Date of Award

January 2021

Document Type


Degree Name

Medical Doctor (MD)



First Advisor

Julius Chapiro

Second Advisor

Darko Pucar


Interventional Radiology (IR) has become an integral component of modern, developed healthcare systems. The minimally invasive, image-guided procedures that the field offers are highly effective and often lead to significantly less morbidity than alternative surgical options. The growth of IR globally is in an early phase; however, patients and healthcare systems stand to benefit from its rapid expansion and integration around the world.

Globally, billions of people are without access to safe surgery and diagnostic imaging. However, the democratization of radiology resources such as portable ultrasound and low-cost medical devices is making IR more accessible than ever before. Global healthcare trends have seen governments investing more in hospital infrastructure, and in the development of local residency programs to train future practitioners in the specialty.

This thesis examines multiple aspects of the future of IR in a global setting, which represent an amalgamation of different, simultaneous approaches to advancing IR practice in these settings. A review of locoregional catheter directed therapies demonstrates the value of developing an interventional oncology (IO) program, a branch of IR that has become standard of care in multiple indications in the US. Further explored are the results of a retrospective single-institution study of response to a specific IO therapy, TACE. This is one of the most common and effective interventional approaches to treating primary liver cancer as well as liver metastases. The value of specific imaging metrics to assess treatment response and viability for retreatment are discussed. These IO techniques are extremely exciting for their potential in low- and medium-income countries that are implementing IR programs. Additionally, this thesis reviews the creation of a simulation device to be used by IR trainees in resource limited areas.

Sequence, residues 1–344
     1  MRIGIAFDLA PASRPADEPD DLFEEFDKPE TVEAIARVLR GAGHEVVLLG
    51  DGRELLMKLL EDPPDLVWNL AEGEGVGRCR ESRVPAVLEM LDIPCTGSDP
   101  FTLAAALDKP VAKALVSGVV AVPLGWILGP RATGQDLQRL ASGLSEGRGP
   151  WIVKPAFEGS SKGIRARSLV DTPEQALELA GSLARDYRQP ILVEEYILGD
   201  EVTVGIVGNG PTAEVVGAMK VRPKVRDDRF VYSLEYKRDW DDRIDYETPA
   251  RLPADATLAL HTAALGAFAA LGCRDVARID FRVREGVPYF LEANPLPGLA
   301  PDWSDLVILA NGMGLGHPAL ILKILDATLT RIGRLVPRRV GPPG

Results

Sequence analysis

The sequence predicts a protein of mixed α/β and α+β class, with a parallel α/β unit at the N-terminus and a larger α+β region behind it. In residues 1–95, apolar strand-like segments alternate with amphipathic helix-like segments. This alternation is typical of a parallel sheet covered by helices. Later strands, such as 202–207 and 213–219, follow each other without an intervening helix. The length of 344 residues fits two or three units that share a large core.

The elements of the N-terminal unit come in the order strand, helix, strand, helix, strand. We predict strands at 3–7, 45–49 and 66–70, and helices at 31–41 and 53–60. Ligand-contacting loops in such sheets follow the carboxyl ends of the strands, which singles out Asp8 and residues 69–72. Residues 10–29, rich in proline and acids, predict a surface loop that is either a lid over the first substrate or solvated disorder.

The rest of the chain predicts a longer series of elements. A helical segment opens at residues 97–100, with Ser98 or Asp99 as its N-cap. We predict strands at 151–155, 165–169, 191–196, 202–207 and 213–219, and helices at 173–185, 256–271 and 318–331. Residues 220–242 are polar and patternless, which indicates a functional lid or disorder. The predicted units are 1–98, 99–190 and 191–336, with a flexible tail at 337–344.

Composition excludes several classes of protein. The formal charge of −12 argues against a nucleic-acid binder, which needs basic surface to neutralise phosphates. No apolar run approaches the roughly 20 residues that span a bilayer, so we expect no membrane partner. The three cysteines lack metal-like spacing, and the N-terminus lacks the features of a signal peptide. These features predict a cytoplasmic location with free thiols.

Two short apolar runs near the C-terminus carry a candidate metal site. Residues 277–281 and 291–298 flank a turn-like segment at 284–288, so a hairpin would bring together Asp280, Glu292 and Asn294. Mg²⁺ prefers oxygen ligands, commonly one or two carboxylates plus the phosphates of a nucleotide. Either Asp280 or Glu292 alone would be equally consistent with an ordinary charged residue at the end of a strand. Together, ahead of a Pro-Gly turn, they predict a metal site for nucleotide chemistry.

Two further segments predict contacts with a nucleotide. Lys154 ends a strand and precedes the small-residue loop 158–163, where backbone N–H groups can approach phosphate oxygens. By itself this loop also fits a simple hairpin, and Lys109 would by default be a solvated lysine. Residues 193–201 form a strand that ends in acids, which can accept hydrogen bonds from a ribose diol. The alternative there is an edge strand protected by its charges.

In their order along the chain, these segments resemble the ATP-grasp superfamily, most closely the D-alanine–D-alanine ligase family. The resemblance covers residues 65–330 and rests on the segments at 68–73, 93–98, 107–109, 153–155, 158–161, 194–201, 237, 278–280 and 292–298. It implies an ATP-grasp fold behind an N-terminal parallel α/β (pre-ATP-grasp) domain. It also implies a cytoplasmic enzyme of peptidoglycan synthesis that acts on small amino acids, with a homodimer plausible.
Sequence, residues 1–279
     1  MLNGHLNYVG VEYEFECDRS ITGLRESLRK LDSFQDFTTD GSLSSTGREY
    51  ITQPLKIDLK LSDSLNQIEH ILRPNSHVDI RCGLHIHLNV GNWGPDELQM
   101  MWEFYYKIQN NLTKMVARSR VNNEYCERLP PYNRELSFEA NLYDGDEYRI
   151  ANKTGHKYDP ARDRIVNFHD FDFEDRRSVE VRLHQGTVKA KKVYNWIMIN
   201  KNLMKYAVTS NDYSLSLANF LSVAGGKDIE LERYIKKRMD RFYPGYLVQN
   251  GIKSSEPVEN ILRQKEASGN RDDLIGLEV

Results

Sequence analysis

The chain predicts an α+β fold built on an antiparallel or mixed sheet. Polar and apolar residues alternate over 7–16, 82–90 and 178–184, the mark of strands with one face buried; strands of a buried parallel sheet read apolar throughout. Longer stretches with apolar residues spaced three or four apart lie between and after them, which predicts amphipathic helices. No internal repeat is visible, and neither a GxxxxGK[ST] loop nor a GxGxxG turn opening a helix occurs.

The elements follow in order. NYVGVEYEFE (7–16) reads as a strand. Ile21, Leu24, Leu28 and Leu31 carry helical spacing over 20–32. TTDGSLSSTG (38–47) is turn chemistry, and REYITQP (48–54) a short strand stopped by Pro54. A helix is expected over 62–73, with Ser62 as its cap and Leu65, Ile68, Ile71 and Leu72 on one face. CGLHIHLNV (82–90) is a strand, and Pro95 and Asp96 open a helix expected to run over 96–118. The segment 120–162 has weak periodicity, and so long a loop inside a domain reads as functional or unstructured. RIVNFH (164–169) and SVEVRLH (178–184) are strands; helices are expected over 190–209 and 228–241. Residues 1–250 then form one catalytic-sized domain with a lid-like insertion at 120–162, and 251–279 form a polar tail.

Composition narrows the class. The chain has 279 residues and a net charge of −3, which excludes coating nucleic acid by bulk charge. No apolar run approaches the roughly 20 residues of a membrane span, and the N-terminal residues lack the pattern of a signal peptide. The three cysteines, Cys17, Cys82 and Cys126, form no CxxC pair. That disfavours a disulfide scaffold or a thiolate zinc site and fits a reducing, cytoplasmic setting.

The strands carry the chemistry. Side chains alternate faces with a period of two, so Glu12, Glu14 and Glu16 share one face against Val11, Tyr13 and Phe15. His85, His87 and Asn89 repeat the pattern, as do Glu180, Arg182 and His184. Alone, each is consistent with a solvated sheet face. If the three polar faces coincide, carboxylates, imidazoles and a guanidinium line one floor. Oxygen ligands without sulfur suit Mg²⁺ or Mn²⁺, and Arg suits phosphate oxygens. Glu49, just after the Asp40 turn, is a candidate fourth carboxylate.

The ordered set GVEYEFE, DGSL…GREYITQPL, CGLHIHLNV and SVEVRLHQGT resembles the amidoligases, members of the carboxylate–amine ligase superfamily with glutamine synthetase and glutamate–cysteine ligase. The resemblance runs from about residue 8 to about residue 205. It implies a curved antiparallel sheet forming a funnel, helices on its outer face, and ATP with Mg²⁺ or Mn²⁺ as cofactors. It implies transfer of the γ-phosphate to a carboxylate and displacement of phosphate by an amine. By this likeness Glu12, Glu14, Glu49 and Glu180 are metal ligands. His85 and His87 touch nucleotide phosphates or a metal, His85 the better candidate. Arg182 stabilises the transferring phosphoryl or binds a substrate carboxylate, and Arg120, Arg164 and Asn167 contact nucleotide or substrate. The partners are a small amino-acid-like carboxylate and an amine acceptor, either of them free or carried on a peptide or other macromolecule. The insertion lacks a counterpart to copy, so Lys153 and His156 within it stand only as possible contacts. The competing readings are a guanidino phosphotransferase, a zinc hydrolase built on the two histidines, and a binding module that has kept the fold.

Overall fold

Also demonstrated is a method for designing new medical devices through ideation and prototyping phases, and lastly discussed, is a venture working to create frugally designed medical devices that can be rapidly deployed into developing IR and IO programs. IR is a specialty that is driven by innovation, which necessitates the use of often expensive medical devices. Low-cost innovation and redesign of these devices can make them more accessible and more useful in lower resource settings. Innovation using these frugal methods can be helpful in accelerating the growth of IR globally, and treating more patients effectively and safely.


This thesis is restricted to Yale network users only. It will be made publicly available on 10/12/2023